Vietnam, Malaysia and Thailand used to be among the top destinations for Chinese travelers but this is no longer the case now that international relationships are unstable and Chinese tourists are concerned about their safety. There is social and political unrest in Thailand and the Philippines, anti-China protests are taking place in Vietnam, and China is still holding Malaysia responsible for the 154 lost Chinese passengers on the missing flight from Kuala Lumpur to Beijing. This uncertainty and diminished appeal means that many travelers have cancelled their trips, leading to a massive drop in arrivals in the Southeast Asian region. Some mainland agencies are not even giving clients the option of holidays to some of these destinations. As a result, Chinese tourists are left with the choice of either not going away or moving their vacation elsewhere.
Many Chinese travelers are making the decision to take their vacations in Eastern Asian nations instead and they are being warmly welcomed. As Chinese holidaymakers turn their back on these traditional resorts, they are being drawn to the potential of lands like Japan,Cambodia, South Korea and Singapore. Young travellers that were looking forward to their stay in Malaysia and Thailand, but now have concerns about the sort of welcome they would receive, are making new plans in Singapore where they are sure of getting a much friendlier welcome. While Chinese arrivals to Southeast Asia are said to be down 45%, arrivals in Japan are up an impressive 66%. This sway over to Japan is partly due to the fact that Japanese airlines are increasing flights on their budget airlines.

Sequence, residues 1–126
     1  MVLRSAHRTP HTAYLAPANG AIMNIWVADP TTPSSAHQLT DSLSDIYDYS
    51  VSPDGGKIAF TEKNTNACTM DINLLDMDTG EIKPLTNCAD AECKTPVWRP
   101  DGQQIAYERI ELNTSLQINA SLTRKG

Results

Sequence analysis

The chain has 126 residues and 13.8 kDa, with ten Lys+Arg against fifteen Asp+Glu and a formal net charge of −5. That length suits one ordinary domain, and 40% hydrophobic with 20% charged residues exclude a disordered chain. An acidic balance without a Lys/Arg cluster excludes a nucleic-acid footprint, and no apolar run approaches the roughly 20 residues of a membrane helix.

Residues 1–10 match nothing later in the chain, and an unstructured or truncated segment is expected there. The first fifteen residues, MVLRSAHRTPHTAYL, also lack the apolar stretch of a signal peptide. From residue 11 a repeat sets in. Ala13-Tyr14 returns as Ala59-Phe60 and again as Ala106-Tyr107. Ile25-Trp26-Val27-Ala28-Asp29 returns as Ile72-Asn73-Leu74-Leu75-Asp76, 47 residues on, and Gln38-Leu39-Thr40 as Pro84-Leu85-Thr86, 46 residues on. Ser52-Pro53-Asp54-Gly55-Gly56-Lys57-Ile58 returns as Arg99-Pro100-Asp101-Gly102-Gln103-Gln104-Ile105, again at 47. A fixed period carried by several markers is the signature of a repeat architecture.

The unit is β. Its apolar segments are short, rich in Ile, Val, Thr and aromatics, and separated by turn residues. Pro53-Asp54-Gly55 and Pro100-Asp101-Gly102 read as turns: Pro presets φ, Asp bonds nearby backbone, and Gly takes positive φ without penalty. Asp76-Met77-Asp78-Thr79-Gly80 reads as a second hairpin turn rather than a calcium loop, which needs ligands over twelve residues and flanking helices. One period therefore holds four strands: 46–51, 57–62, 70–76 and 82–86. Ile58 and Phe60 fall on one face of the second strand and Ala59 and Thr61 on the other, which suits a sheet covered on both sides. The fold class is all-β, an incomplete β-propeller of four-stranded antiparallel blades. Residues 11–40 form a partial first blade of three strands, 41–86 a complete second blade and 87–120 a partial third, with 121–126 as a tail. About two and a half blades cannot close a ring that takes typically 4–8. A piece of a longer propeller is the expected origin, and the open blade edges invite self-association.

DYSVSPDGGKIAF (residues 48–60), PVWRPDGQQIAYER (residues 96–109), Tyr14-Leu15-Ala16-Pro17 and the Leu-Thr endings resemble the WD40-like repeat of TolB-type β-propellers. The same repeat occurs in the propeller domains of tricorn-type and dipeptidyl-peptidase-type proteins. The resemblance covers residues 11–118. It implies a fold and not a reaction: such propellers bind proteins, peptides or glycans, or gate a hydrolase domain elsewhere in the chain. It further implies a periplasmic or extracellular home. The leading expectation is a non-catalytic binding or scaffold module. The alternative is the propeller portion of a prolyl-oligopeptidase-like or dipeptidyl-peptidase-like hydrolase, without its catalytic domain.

This appeal of affordable packages and convenient flights is also a key factor in the rise of Chinese tourists heading to South Korea this year. More than 100,000 Chinese visitors are expected into the country this year alone as it becomes a more appealing, alternative destination and this appeal is partly due to potential improvements – from a Chinese point of view – in visa policies. Seoul are looking into the prospect of a visa-waiver for Chinese travellers, something that is currently only in place for Jeju island and could really open up the capital to new visitors.
These nations are much more appealing following the year’s developments but this growth may not be short term: In South Korea, this growth for 2014 is actually part of an ongoing trend and experts say that there is a 50% year-on-year rise in Chinese visits to this particular country alone. This is not a short term flirtation with the region; relationships with Vietnam, Thailand and Malaysia have been damaged and there are promising new love interests awaiting Chinese travellers further East that show their appreciation. The travel deals and potential policy changes show that this a two-way street. Chinese are willing to switch their holiday plans to Japan, Cambodia, Singapore and South Korea, and are about to arrive in high numbers, but these destinations are also looking at ways of enticing them further and strengthening the relationship.